• Also, if you have kidney failure, you will likely need to take a smaller dose or take another antibiotic altogether.  

#7 Cefdinir For UTI: Side Effects

The most common side effects of Cefdinir are:

  • Diarrhea,
  • Vaginal yeast infections,
  • Nausea,
  • Headaches
  • Abdominal pain.

Diarrhea is the most common side effect, with about 15% of people affected, but it generally resolves after you stop the medicine. Most other side effects occur in less than 5% of people.

There are many other rare side effects- several of them serious- but tend to occur in patients with underlying diseases. If you have a serious or chronic medical problem, always let your doctor know before taking Cefdinir.

A spooky side effect that could happen on Cefdinir, especially if you take iron supplements, is red poop. However, this is not dangerous, so don’t be alarmed.

Also, of course, if you have difficulty breathing, shortness of breath, hives, swelling of the throat or other serious side effects, stop the medicine immediately and call your doctor or 911.

#8 Cefdinir Could Cause C. diff Colitis

However, let your doctor know immediately if besides diarrhea you notice other symptoms such as:

  • Fevers/chills,
  • Nausea
  • Bloody stools,

The combination of these symptoms could be a sign of a serious problem like C. diff.  C. diff colitis is a serious gut infection caused by the rise of aggressive gut destroying bugs.

#9 How To Boost Performance Of Cefdinir For UTI 

Several studies show that certain compounds improve the effectiveness of antibiotics. 

Why is this important?

  • Antibiotics alone are not capable of fighting bacterial biofilms
  • You want to get rid of as much harmful bacteria as possible to prevent future antibiotic resistance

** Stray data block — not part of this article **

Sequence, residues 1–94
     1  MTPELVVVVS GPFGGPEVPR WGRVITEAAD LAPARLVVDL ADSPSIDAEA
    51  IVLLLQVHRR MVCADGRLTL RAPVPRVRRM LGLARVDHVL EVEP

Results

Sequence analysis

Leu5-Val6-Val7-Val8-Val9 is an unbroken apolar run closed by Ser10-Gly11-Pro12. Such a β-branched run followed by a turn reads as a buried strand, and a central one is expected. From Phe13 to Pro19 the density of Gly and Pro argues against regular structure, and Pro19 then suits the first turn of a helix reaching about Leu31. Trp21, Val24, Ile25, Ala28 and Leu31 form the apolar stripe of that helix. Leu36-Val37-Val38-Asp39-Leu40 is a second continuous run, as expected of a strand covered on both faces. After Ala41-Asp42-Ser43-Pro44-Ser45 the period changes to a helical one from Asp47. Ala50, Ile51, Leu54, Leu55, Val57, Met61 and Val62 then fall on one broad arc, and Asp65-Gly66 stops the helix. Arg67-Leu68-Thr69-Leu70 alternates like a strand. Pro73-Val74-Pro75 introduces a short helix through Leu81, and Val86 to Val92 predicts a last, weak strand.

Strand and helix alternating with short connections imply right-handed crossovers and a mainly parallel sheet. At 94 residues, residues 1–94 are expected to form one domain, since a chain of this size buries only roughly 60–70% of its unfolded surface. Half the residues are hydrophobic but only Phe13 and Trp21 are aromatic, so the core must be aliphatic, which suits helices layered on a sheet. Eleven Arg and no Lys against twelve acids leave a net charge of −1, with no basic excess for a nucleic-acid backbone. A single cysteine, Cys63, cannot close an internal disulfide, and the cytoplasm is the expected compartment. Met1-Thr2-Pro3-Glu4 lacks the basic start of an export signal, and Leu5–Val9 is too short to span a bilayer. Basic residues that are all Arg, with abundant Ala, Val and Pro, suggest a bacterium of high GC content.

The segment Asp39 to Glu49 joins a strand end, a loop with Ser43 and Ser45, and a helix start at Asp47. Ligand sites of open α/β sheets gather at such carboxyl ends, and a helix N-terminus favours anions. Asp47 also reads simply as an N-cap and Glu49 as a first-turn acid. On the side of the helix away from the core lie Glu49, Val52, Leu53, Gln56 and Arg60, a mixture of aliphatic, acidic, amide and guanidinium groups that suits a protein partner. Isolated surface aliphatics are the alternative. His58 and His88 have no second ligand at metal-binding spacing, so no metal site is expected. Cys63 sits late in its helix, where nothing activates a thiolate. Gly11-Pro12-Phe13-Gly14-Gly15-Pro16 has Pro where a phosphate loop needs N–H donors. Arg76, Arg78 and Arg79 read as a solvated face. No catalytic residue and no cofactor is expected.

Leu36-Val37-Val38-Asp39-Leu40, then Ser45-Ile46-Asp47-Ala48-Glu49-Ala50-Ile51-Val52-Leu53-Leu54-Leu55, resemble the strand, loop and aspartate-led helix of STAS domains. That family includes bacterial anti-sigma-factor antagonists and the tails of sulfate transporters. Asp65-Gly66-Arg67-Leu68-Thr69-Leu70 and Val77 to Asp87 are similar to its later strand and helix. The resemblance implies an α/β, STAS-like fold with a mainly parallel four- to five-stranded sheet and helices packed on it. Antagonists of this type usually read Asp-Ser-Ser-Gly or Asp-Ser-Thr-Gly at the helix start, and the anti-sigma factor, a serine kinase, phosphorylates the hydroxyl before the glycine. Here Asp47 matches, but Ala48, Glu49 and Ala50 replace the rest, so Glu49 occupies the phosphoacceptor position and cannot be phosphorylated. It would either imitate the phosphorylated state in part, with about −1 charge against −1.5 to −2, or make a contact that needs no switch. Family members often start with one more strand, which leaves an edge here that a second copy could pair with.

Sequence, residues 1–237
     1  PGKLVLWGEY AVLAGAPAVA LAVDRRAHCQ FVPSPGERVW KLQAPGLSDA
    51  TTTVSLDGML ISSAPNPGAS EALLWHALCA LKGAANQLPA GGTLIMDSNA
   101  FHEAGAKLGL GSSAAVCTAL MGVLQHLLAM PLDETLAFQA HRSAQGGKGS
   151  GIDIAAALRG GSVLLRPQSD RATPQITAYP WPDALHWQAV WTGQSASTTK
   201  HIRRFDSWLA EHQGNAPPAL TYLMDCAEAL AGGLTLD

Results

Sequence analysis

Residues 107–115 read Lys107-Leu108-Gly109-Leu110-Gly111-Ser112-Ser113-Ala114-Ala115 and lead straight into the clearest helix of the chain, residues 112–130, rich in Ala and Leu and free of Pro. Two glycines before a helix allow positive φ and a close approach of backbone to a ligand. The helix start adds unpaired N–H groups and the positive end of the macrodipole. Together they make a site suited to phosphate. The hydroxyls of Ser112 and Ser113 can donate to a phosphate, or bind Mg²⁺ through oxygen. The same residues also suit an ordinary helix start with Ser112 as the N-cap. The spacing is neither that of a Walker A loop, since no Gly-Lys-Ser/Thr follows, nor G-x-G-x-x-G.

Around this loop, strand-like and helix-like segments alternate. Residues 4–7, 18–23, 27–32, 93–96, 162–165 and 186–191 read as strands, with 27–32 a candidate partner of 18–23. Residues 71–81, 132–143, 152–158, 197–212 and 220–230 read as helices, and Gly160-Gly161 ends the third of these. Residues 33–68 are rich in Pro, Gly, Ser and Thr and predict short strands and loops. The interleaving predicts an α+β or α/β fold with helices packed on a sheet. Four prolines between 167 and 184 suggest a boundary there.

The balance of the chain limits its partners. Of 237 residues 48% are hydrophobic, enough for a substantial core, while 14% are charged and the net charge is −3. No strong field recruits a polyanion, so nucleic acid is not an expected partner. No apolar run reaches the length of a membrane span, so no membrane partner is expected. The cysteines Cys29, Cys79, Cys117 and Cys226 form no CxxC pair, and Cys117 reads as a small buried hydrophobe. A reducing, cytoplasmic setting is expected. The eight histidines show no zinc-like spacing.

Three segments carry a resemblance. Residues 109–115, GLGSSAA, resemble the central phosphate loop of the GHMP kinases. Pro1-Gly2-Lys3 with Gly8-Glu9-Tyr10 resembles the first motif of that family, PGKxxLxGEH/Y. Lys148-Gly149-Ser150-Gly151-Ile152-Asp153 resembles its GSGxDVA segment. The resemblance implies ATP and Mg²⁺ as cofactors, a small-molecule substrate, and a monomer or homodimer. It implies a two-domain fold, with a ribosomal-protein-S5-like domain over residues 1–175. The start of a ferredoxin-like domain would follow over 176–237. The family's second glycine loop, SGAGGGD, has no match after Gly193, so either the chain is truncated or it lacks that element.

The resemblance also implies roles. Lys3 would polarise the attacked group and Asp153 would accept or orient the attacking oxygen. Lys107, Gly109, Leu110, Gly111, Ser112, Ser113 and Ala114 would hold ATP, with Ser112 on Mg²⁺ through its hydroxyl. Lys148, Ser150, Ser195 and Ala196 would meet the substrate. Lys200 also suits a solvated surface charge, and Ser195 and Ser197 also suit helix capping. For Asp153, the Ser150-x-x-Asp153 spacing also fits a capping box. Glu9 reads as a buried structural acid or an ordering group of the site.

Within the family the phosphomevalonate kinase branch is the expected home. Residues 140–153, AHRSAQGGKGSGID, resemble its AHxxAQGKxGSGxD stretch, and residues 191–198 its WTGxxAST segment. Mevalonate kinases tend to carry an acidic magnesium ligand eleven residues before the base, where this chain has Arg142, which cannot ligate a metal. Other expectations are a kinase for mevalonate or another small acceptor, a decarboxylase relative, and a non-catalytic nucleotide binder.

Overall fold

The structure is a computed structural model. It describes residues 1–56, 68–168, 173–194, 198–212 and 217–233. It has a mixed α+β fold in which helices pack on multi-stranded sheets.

N-acetyl cysteine (NAC)

Did you know that NAC has antioxidant and anti-inflammatory properties? And, it may also be antimicrobial and help to disrupt biofilms, the spaces bacteria like to hide out.

NAC is commonly used to improve for respiratory infections because it naturally helps clear mucus and improves symptoms. Importantly, many of the bugs that cause respiratory infections also cause UTIs.

Some studies showing NAC helps to treat UTIs as well.

A small study looking at breast cancer survivors with recurring UTIs showed that a combination of NAC, D-mannose and Morinda citrifolia. D-mannose is a UTI suppressor because it blocks E. coli from attaching to the bladder wall, while Morinda citrifolia (also known as noni) has antibacterial, anti-inflammatory and immunomodulatory effects).

Women who took this combination with antibiotics had fewer UTIs and fewer symptoms over several months. Unfortunately, these studies did not specifically look at Cefdinir, but rather other common UTI antibiotics.

Uva Ursi

Uva ursi is used in its own right to help prevent UTIs, but in combination with antibiotics, it provides an extra punch to eradicate resistance.

A component of uva ursi, corilagin, greatly reduce the amount of a beta-lactam antibiotic (remember, Cefdinir is part of this group) needed to treat an infection.

In the studies, scientists were able to decrease the amount of antibiotic needed by up to 2000 times when they added corilagin.

However, they did these tests in a laboratory, not on people. Therefore, we will have to wait for clinical studies to know for sure.

At the same time, this is really exciting news that should spur studies to find ways to combat increasing antibiotic resistance. It is important to let your doctor know if you are taking uva ursi, as you may need to adjust the dose of your antibiotics.

#10 Recover After Cefdinir: Probiotics

As mentioned above, Cefdinir- and other antibiotics– affect bad and good bacteria alike. That’s why common side-effects include yeast infection and diarrhea.

Therefore, it is important to keep healthy flora at all times, and especially when taking antibiotics.

It’s best to start off with a healthy gut before taking antibiotics and take probiotics to replenish any of your friendly gut guests that may be affected by the antibiotics you take. Remember to focus on probiotics that replenish the gut and vagina flora, such as Lactobacillus and Bifidobacterium.

References:

  • Bellis, M. 2017, June 30. The history of Penicillin. Retrieved at: https://www.thoughtco.com/history-of-penicillin-1992304
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  • WebMD. What is C. diff? Retrieved at: https://www.webmd.com/digestive-disorders/clostridium-difficile-colitis#1
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  • Marchiori D & Zanello PP. Efficacy of N-acetylcysteine, D-mannose and Morinda citrifolia to Treat Recurrent Cystitis in Breast Cancer Survivals. In Vivo. 2017 Sep-Oct; 31(5): 931–936.